Written by

Rahul Singh

Brought to you by Challenger Tech

As the proverb goes, ‘a little knowledge is a dangerous thing’. With much information floating on the internet or a gathering among friends and family, clients sometimes make decisions based on incomplete information which can unfortunately lead to detrimental and sometimes irreversible outcomes. 

When a person enters aged care, they are faced with a plethora of rules – to name a few, concerns relating to social security payments, aged care fees and funding decisions, including what to do with the family home are often front of mind. 

To join the dots in making an informed decision requires holistic knowledge and highlights the importance of seeking financial planning advice. In seeking advice, one has the peace of mind that informed decisions are made and given the many nuanced legislative rules and opportunities, optimise their position when relevant. 

Over the years in the journey of assisting with provision of aged care advice, there have been a few common themes of aged care myths, tips and traps amongst unadvised clients. The article that you can access below, discusses some of these myths, tips and traps in an endeavour to highlight for awareness, which include: 

  • Not knowing that the price for a room can be paid in any combination of RAD (lump sum) & DAP (interest on the unpaid lump sum). 
  • Thinking that RAD price is non-negotiable when it could be worth asking the question. 
  • The cashflow issues caused by the Means Tested Care Fee (the co-contribution based on means) annual cap not being subject to an annualised averaging. 
  • A lower Maximum Permissible Interest Rate (the interest rate on unpaid lump sum) not necessarily being advantageous when considering low means residents. 
  • Financial hardship applications when majority of the monies are tied in RAD / RAC and minimal liquid assets. 
  • Myth that aged care entry means that the main residence has to be sold as a default option: may indeed be the case for some clients depending on funding decisions, but doesn’t need to be the one and only option by default.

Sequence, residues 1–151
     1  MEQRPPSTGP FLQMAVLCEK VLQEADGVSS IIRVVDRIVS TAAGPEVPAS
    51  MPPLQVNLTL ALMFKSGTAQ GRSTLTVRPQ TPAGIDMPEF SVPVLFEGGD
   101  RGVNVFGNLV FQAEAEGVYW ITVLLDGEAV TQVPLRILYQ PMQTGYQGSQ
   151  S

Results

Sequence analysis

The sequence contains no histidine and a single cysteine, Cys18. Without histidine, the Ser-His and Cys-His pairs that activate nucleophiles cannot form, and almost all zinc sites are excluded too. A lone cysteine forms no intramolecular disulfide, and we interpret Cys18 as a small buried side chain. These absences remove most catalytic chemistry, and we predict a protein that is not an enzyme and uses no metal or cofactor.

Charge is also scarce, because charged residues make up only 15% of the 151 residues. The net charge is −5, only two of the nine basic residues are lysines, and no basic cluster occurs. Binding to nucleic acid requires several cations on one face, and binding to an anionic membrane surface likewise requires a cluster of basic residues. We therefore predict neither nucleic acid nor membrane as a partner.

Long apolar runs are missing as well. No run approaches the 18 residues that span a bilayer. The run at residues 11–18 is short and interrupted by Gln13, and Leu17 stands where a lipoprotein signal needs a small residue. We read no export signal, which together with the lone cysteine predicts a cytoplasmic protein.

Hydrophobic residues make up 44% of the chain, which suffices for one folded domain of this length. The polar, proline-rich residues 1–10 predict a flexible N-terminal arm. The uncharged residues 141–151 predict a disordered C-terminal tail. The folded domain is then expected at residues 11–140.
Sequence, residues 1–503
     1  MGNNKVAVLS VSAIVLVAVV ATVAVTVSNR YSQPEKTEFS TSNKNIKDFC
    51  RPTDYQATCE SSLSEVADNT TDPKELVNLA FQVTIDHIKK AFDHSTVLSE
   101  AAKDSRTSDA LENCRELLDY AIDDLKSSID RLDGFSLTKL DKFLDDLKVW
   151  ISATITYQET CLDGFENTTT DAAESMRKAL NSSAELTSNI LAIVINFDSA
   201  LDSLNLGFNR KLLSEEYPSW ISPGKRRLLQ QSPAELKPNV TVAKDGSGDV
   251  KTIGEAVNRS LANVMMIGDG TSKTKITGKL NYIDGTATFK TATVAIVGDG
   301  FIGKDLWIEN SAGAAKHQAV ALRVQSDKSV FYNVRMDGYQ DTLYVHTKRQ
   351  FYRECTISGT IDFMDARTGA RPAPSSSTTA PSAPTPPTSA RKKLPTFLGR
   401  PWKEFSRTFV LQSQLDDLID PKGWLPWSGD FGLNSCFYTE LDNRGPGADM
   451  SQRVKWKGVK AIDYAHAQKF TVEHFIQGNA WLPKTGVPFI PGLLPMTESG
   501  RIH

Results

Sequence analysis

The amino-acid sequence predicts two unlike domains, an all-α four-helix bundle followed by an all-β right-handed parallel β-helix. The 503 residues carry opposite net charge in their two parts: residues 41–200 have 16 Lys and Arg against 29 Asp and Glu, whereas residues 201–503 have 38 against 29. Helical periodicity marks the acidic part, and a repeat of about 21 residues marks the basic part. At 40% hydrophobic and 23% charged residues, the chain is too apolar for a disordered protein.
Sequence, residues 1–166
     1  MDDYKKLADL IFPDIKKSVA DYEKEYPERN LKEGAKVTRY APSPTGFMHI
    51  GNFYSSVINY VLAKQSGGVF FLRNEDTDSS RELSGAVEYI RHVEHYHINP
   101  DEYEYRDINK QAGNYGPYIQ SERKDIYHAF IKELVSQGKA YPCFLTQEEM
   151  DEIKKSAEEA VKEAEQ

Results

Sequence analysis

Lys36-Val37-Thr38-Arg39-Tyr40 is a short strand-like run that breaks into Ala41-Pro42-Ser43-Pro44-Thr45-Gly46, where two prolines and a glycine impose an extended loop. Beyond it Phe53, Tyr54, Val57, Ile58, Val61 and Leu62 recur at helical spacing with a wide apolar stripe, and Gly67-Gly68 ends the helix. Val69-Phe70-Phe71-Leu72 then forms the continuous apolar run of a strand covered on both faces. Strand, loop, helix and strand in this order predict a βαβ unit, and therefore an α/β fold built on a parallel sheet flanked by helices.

I am sure there are unfortunately many other scenarios which have acted as a trap for unadvised aged care clients. I would love to hear from you to see whether you have had clients in similar circumstances and whether you have come across other myths, tips and traps in addition to the 10 we have outlined in this article. 

Access the full article here.

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This information is general information only and not intended to be financial product advice, investment advice, tax advice or legal advice and should not be relied upon as such. As this information is general in nature it may omit detail that could be significant to your particular circumstances. Scenarios, examples, and comparisons are shown for illustrative purposes only. Certain industry data used may have been obtained from research, surveys or studies conducted by third parties, including industry or general publications. Accurium has not independently verified any such data provided by third parties or industry or general publications. No representation or warranty, express or implied, is made as to its fairness, accuracy, correctness, completeness or adequacy. We recommend that individuals seek professional advice before making any financial decisions. This information is intended to assist you as part of your own advice to your client. Use of this information is your responsibility. To the maximum extent permitted by law, Accurium expressly disclaims all liabilities and responsibility in respect of any expenses, losses, damages or costs incurred by any recipient as a result of the use or reliance on the information including, without limitation, any liability arising from fault or negligence or otherwise. While all care has been taken to ensure the information is correct at the time of publishing, superannuation and tax legislation can change from time to time and Accurium is not liable for any loss arising from reliance on this information, including reliance on information that is no longer current. Tax is only one consideration when making a financial decision.